The second role that men fulfill in Divine Secrets of the Ya-Ya Sisterhood is sex objects. Connor, Sidda’s fiance, is consistently described in physical terms, and Sidda is repeatedly congratulated for ensnaring such a handsome man. Though he supports her emotionally, it is Connor’s sexual prowess that is perhaps even more important. We are told, again and again, just how well he is able to satisfy her.
[Sidda]’d had two long-term relationships, but it was not until Connor that she felt fully met and deliciously cherished. After they made love that day, they lay naked next to each other, their skin warm and flushed. Sidda sank down into the wide flannel embrace of their bodies, and she rested. For a moment she died a good little death, they died it together. And then her eyes began to fill with tears…When she stopped crying, he kissed her eyelids. Then he asked her to marry him. (22)
Perpetuating this type of fantasy scenario is unhealthy. It’s the prince charming complex dressed up in supposedly progressive terms. A woman can be highly intelligent with a successful career, but none of that really means anything until she finds a preferably attractive man who can satisfy her sexually, and, moreover, who wants to marry her. It’s written like a cheap romance novel by someone who constantly dreams of sexual satisfaction, but finds it in short supply.
Not to be outdone, the women in Divine Secrets of the Ya-Ya Sisterhood are also granted legitimacy based on their physical appearance. When Vivi returns from the mental hospital, 10-year-old Sidda is upset not because her mother sleeps all day and barely talks, but because Vivi has allowed her nail polish to chip — a grooming oversight that would normally never be permitted. As the novel progresses and Sidda moves closer and closer to forgiving her mother, so, too, do the physical descriptions of Sidda proliferate. It turns out that she is red-headed with long, luscious eyelashes and a tiny, sexy, petite body. When she finally returns to Louisiana, nobody bothers asking Sidda about her directing career; instead, they are preoccupied with her favorable appearance.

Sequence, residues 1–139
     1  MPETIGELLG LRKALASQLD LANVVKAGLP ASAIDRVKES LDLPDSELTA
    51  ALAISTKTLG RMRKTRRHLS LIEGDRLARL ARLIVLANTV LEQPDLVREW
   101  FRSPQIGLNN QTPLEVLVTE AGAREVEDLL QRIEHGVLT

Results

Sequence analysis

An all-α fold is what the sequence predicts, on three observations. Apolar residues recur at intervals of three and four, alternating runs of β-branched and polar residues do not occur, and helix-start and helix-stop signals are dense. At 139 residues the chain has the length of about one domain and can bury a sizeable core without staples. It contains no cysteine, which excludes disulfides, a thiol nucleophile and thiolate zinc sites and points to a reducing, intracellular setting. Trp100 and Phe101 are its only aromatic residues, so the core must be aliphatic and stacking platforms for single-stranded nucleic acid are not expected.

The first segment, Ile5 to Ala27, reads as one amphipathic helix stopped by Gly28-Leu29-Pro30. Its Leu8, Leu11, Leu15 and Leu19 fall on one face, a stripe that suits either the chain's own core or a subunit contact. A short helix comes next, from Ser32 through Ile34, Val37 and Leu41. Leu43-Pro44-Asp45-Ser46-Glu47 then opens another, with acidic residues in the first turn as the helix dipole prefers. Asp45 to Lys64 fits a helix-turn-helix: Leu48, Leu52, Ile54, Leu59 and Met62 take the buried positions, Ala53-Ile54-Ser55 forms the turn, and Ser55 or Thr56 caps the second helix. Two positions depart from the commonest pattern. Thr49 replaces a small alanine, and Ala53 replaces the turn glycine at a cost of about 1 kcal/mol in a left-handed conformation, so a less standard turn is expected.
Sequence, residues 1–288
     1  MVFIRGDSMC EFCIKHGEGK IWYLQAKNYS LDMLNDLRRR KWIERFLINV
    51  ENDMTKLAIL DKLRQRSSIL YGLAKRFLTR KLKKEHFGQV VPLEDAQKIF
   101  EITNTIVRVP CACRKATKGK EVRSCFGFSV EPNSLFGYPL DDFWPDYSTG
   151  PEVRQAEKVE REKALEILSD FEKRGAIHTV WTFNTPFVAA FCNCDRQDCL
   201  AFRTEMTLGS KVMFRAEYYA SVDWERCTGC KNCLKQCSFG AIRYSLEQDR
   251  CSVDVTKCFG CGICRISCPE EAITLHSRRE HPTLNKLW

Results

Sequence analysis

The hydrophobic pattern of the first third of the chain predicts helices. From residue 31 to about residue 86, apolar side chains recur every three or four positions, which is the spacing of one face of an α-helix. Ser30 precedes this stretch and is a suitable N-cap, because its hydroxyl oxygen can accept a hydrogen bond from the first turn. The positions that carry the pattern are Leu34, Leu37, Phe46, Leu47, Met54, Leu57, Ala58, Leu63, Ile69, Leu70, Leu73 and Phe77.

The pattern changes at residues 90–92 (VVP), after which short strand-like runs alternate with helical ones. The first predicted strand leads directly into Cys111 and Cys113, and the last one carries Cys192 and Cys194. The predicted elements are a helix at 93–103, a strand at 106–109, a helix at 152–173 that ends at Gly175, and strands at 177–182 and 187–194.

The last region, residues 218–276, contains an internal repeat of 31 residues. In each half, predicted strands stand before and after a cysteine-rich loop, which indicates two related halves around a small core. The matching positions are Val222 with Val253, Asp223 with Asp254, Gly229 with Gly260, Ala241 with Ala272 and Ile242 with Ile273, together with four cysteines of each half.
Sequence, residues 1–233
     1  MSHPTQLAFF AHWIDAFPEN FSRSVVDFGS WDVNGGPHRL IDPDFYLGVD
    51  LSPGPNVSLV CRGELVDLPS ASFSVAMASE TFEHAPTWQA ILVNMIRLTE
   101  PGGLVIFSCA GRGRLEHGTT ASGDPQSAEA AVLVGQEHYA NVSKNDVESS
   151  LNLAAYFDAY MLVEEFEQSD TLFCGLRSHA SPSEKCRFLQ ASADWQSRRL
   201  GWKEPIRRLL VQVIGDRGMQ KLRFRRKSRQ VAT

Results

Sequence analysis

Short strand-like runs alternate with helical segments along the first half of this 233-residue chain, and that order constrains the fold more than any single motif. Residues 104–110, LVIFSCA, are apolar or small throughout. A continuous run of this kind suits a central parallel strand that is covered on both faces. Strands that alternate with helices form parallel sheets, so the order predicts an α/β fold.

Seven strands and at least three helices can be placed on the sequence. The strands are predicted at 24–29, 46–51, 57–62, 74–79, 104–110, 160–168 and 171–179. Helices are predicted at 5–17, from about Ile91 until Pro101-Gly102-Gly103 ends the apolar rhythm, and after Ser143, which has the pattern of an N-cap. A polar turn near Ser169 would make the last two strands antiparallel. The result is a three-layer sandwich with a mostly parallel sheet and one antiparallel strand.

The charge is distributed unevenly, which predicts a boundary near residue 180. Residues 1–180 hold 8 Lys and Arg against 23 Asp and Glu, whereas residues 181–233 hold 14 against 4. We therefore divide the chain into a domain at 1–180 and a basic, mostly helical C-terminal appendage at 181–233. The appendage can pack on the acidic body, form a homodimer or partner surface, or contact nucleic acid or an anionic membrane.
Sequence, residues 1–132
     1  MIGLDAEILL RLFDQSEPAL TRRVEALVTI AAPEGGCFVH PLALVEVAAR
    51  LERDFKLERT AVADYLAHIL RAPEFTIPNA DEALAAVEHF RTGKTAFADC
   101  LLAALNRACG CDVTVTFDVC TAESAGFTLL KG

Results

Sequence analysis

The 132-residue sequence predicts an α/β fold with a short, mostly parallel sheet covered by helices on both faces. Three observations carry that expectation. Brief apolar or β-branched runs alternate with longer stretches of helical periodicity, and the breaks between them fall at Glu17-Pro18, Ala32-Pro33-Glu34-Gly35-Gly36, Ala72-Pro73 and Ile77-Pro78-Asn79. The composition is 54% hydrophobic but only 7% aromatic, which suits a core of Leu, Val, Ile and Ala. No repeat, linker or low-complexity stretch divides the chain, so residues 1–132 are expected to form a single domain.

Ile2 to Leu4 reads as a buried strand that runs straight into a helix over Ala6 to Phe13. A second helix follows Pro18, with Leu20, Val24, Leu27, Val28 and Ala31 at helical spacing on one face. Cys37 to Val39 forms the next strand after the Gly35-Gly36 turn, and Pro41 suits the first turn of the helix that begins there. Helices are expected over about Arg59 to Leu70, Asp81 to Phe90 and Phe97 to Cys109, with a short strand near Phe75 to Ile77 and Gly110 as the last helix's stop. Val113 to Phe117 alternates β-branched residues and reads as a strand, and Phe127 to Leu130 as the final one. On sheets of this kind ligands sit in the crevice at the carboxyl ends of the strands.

‘You look good, mother. Really good.’
‘You look terrific,’ Vivi said. ‘I think you’ve lost weight.’
Sidda smiled. Her mother’s highest compliment.’ (344)
Ah, there’s nothing like a trip back home to Alabama to remind me that my university GPA doesn’t matter; it’s all about the hair, the makeup, the clothes, and most importantly, the figure. It calls to mind a disturbing article that I read in The New Yorker recently, in which the daughter of a model recalls the various warped ways that strangers commented on her mother’s beauty. This passage in particular struck me, because I realized that Rebecca Wells was doing the same thing in Divine Secrets of the Ya-Ya Sisterhood.
One day, my mom and I were having lunch with our good friend, the Surrealist painter Dorothea Tanning, whom I’d known since I was born. When my mom left the table for a few minutes to use the restroom, Dorothea said to me, out of the blue, ‘Do you think the reason you’ve loved your mother so much is that she’s so beautiful?’